Featured Songs

  • The Times They Are A-Changin’
  • Blowing In The Wind
  • I Want To Hold Your Hand
  • Satisfaction
  • Dancing In The Streets
  • Fun Fun Fun
  • We Can Work It Out
  • Light My Fire
  • Respect
  • Star-Spangled Banner (Hendrix)
  • American Pie


Study Guide

60s TNT Study Guide

The Sixties: Decade of Turmoil and Triumph

Young people take action to change the world.


Available formats

  • Full band for in-school assembly


American History Science Space Program Vietnam War Black History Beatles Martin Luther King Woodstock

About The Show

This program is a 50-minute trip through a pivotal decade of recent history, skillfully mixing live musical performance with still photos, sound clips and video.

The events of the 1960s continue to resonate with young people today.

Through political protest and other forms of social activism, young Americans asserted a new set of values. Conformity was out; personal freedom was in. Music, fashion and other forms of artistic expression reflected these new attitudes.

The program opens with the inspiring words of President Kennedy and Martin Luther King, signaling that a new generation was ready to lead America.  The band performs the iconic Bob Dylan songs “The Times They Are A-Changin”” and “Blowing In the Wind.”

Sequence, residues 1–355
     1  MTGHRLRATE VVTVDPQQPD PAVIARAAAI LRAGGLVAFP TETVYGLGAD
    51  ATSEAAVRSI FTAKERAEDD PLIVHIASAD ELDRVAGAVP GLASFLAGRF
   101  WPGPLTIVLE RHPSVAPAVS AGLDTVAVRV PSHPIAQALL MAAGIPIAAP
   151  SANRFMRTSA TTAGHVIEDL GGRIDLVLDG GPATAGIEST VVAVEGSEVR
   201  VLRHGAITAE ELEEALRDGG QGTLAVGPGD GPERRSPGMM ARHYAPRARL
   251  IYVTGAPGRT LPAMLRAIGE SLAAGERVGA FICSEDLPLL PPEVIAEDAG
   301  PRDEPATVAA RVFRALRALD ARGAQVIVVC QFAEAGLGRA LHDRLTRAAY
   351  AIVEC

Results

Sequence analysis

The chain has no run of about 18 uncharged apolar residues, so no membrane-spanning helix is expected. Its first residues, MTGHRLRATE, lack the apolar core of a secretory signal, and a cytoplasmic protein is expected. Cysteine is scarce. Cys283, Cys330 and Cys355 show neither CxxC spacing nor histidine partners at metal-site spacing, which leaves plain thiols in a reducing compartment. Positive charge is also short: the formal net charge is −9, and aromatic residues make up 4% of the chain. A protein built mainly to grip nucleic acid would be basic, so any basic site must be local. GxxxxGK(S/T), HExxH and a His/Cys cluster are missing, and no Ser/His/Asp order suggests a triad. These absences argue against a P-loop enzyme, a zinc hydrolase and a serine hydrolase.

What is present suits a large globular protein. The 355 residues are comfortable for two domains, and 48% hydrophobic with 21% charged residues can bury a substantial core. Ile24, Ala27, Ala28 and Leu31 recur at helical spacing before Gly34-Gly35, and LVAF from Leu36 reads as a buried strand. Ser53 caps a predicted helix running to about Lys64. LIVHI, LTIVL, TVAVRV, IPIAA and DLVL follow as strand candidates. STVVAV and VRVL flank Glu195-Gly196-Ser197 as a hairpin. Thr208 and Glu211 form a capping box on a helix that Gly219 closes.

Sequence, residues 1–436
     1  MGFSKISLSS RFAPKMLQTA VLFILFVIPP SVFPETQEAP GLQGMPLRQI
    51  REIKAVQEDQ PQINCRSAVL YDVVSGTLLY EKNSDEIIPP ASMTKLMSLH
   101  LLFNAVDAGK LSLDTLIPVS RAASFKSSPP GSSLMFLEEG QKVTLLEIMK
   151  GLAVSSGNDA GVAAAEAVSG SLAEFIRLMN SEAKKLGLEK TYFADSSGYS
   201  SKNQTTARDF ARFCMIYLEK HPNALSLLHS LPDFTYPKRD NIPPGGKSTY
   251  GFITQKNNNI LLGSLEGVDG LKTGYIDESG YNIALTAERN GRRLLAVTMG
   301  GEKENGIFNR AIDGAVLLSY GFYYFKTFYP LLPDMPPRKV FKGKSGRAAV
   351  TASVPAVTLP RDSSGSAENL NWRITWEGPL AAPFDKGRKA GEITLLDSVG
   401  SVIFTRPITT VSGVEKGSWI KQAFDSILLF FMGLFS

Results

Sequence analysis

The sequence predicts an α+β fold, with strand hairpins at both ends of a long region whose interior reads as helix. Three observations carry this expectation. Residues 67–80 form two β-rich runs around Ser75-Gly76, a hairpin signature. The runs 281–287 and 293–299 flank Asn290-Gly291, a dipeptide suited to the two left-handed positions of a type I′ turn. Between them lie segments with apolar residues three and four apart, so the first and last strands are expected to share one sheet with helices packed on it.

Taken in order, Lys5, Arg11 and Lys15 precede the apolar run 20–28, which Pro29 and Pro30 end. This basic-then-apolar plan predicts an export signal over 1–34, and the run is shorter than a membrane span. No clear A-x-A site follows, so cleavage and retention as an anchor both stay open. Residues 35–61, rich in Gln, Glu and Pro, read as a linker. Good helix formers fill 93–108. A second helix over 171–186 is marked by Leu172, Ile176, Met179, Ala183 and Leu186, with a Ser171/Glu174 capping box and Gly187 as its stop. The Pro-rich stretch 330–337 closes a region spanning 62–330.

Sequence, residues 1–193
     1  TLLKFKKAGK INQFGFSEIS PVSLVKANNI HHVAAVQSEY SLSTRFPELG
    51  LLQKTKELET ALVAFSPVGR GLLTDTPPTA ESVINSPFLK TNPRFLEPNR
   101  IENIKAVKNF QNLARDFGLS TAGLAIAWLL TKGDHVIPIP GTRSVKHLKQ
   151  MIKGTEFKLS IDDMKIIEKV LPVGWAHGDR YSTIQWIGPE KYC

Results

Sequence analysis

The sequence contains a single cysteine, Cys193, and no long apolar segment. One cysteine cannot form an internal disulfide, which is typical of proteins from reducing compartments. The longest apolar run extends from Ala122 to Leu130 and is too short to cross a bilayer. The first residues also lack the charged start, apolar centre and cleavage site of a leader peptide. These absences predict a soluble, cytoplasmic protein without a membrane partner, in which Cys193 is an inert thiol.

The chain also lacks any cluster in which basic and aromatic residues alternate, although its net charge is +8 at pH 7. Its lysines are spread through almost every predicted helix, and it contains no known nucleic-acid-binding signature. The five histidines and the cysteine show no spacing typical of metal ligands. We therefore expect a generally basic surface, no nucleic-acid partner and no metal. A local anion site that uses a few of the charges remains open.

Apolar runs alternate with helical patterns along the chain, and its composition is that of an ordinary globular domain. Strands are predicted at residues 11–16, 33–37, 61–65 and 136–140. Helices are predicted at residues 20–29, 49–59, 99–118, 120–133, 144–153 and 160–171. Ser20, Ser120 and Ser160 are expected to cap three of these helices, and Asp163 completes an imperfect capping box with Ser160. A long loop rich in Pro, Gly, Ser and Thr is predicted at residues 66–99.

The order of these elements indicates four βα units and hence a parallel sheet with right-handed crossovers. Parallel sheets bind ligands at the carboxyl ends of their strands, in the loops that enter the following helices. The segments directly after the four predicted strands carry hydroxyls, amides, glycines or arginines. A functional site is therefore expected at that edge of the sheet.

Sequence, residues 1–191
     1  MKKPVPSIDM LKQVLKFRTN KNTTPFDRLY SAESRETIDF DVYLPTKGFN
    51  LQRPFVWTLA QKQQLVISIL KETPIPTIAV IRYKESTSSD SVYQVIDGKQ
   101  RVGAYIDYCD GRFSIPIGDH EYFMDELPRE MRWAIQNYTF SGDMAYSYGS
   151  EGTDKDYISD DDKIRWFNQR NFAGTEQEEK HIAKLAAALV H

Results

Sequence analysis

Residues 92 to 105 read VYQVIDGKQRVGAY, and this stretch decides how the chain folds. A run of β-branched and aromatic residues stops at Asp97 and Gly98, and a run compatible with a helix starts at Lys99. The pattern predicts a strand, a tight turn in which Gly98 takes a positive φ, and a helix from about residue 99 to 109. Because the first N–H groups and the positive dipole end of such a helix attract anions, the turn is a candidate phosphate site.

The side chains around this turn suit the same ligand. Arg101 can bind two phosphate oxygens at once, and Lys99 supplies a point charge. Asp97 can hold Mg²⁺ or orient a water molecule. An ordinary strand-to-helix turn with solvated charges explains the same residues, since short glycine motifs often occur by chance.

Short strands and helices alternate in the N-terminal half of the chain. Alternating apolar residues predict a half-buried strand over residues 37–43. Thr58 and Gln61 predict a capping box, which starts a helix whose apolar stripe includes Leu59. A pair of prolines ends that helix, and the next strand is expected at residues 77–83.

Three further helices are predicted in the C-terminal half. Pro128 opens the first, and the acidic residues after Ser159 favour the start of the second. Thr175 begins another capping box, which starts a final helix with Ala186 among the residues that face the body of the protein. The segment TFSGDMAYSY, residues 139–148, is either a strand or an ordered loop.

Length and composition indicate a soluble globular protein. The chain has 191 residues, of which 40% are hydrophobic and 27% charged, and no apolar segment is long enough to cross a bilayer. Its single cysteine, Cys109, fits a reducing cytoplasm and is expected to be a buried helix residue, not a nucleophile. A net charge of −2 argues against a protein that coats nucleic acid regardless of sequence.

After the shock of the Kennedy assassination, the events of each year are recounted in a mock newscast.  The program closely follows the progress of the Vietnam War, the space program and the Civil Rights movement.  Significant moments in popular culture are also highlighted, such as the Beatles coming to America.

Our show places the memorable music of the 1960s in its proper historical context. 

Motown music became popular in the midst of urban unrest.  The Beatles said “We Can Work It Out” even as generational divisions were dividing families.  Aretha Franklin demanded “Respect” as African-Americans and women of all races refused to be treated like second-class citizens.  The gentle folk music of the early 1960s was replaced by the challenging sounds of the Doors and Jimi Hendrix.

We show how political action by young people directly influenced world events.

The March on Washington led to the passage of Civil Rights and Voting Rights legislation.  Antiwar protests led to President Johnson’s decision to not seek another term.  Riots in major American cities were addressed by the War on Poverty and the Model Cities program.

Jimi Hendrix’s performance of the “Star Spangled Banner” at the 1969 Woodstock Music and Arts Fair made it deafeningly clear that America had been forever transformed by the youth of the 1960s.  Don McLean’s “American Pie” looks back on all these changes and gives the audience the opportunity to raise their voices in song, much as young people did all those years ago.

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